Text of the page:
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Discussion Topic

3 Ways to Battle Procrastination–NOW!

We’ve all got deadlines to meet, bathrooms to clean, people to call. Why does it take some of us so long to get it done?

Here are some ways for us to battle procrastination:


1. Accept that procrastination feels good. (or at least better than getting to the grind of the task at hand).


When we think about having to sit down and finish that report, or start studying for a midterm, I’m pretty sure that most of us are not blissfully imagining ourselves at a desk memorizing the periodic table or analyzing data.  But when I think about,  say going to the fridge to eat a sandwich, or reading the latest People magazine, all of a sudden, my troubles disappear. What bills? It is a relief that I welcome with gladness.


The problem is, that we get addicted to this feeling, and that’s where habitual procrastination comes in.  What we are doing when we procrastinate is avoiding the tension that happens when we think about a  task that we feel is overwhelming, boring, or frustrating.


Learning to deal with the tension, accepting that in life, there is frustration, there is tension, there are boring things that just need to be done, and facing it head on rather than trying to avoid it, will lead us to a much better, rewarding place in the end.


We might even see that the tension waxes and wanes, the boredom is not as intense as we thought it would be, the task at hand is not as overwhelming as we imagined.  And as we continue to face this tension, we become stronger.


2.  Break up your task into bite-sized pieces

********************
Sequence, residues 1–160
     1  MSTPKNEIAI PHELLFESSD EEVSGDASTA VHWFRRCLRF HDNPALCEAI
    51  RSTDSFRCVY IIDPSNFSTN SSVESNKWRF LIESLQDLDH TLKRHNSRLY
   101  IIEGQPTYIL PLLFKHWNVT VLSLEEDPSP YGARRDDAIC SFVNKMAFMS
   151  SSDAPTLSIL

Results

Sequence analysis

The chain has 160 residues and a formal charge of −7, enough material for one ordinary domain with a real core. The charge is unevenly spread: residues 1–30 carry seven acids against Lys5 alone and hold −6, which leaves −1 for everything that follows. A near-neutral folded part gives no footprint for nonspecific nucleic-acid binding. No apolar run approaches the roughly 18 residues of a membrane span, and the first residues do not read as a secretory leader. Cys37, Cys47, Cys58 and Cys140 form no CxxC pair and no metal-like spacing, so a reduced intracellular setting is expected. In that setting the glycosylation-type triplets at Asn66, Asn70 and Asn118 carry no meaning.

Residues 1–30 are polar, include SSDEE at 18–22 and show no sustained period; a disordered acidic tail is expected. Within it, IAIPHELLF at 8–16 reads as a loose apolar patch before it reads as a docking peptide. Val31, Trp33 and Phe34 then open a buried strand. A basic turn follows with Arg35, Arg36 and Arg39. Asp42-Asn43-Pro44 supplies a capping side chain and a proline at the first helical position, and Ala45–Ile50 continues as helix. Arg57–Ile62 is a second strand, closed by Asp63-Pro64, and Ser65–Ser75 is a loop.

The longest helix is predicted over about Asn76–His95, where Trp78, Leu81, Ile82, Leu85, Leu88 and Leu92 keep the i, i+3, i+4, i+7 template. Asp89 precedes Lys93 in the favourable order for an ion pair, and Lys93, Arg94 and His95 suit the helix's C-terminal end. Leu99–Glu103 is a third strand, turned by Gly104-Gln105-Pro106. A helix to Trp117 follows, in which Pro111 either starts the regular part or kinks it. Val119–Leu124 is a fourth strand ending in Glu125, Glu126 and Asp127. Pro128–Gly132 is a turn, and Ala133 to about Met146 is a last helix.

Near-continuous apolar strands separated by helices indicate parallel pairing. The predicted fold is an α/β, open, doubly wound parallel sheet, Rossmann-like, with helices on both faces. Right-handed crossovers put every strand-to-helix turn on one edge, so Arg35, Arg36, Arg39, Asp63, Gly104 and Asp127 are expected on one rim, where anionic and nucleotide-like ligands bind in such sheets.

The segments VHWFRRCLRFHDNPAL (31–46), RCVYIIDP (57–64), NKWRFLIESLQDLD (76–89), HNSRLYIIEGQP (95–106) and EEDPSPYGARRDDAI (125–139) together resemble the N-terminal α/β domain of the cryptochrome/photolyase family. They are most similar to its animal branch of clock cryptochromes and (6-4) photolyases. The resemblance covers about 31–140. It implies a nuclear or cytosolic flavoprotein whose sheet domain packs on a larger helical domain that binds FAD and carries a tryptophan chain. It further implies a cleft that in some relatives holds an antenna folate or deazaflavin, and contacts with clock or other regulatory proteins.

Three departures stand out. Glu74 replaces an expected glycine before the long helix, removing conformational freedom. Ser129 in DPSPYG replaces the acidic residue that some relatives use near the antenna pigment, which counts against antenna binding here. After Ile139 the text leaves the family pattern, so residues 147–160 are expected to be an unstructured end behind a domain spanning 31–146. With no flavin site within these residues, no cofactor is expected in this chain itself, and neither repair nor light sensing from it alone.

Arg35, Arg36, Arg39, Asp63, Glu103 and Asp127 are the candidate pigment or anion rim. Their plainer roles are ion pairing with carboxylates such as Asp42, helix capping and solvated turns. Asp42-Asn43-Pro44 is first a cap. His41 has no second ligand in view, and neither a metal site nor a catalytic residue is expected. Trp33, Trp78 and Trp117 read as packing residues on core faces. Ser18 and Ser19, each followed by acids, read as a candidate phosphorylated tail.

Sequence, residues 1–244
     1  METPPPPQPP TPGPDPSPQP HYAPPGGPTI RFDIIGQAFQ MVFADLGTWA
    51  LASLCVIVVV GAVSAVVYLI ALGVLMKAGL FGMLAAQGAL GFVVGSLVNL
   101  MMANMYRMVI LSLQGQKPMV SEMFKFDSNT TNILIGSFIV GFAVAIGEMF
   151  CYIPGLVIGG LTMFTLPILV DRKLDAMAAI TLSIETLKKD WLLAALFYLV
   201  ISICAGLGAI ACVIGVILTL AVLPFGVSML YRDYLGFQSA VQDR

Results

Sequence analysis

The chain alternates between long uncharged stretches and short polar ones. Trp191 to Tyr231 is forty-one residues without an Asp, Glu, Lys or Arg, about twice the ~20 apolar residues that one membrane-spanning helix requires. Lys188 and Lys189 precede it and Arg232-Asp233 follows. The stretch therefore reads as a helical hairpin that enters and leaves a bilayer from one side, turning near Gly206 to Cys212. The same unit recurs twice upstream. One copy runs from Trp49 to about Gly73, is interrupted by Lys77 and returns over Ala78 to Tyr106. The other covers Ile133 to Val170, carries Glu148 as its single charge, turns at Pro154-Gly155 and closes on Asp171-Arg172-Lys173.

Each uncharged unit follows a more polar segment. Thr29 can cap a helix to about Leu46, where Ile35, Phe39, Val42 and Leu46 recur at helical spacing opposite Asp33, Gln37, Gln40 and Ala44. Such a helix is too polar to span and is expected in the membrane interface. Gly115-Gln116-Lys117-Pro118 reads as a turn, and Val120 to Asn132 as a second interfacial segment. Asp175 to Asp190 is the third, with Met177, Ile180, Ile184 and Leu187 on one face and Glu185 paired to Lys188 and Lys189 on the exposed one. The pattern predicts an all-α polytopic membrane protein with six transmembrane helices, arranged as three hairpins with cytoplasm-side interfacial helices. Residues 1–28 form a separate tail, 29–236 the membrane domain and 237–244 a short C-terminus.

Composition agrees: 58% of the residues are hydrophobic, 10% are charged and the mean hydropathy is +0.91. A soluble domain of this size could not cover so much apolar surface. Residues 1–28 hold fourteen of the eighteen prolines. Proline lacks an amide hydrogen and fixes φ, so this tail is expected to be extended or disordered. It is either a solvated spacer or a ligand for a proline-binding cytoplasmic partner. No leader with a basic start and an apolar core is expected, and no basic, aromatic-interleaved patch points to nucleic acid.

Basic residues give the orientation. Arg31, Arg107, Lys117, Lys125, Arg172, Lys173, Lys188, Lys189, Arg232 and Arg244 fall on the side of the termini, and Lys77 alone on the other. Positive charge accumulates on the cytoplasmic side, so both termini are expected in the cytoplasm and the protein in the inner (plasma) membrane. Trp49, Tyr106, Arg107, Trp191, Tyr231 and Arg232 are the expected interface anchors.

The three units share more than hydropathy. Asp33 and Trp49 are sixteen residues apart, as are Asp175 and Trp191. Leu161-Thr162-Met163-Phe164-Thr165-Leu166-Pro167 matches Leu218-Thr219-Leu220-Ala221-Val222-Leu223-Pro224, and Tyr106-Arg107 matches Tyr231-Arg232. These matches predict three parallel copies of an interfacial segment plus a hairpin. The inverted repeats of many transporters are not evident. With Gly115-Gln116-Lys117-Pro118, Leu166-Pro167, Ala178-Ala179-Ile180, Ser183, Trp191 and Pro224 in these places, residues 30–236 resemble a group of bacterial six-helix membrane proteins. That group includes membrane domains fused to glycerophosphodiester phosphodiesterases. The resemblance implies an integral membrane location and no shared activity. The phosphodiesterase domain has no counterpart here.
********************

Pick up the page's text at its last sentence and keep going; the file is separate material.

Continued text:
Thinking about a large, abstract task can cause people to feel overwhelmed and therefore procrastinate. Breaking down a task into bite-sized concrete pieces helps us see that this is a task that is doable. When a task is “doable” in our minds, we have more confidence and are more likely to tackle it.


Take for example, the goal of “I want to lose 40 pounds.” That can seem like a pretty overwhelming task. Losing 40 pounds is not easy!


However, if I said to myself  “My goal is to walk around the block once every day.” DONE!  I can do that, with a much greater probability than losing 40 pounds.  As I continue to up my goals little by little in realistic, doable chunks, I see myself slowly losing the weight.


Go from big and abstract, to smaller, more concrete goals.


3. Don’t fool yourself ! 

We love to fool ourselves with statements like, “I’ll do it tomorrow”  or  “Take it easy.”  Now I’m not saying that there are times where we need to prioritize something else and do a certain task at a later date. I’m talking about the excuses we make that sabatoge our efforts to get things done!


Instead of fooling ourselves with those sabatoging statements, we need to fight back and analyze them. We need to ask ourselves, “what will happen if I do it tomorrow? Will I really be able to do a good job?” or “if I take it easy today, I know I’ll be pulling my hair out tomorrow!”


Be on guard about these statements that give us excuses to procrastinate but end up biting us in the end.


Remember: letting go of a habit doesn’t go away over night. Keep at it, take it slow and give yourself time to change. Expect relapses but keep going and you’ll see the results! Work with someone if you need to–a friend, colleage, therapist. But don’t give up!





Lia Huynh, MFT
545 Los Coches St. Suite112
Milpitas CA 95035
(408) 599-1413
Counselor and Psychotherapist serving the Milpitas, San Jose and Fremont areas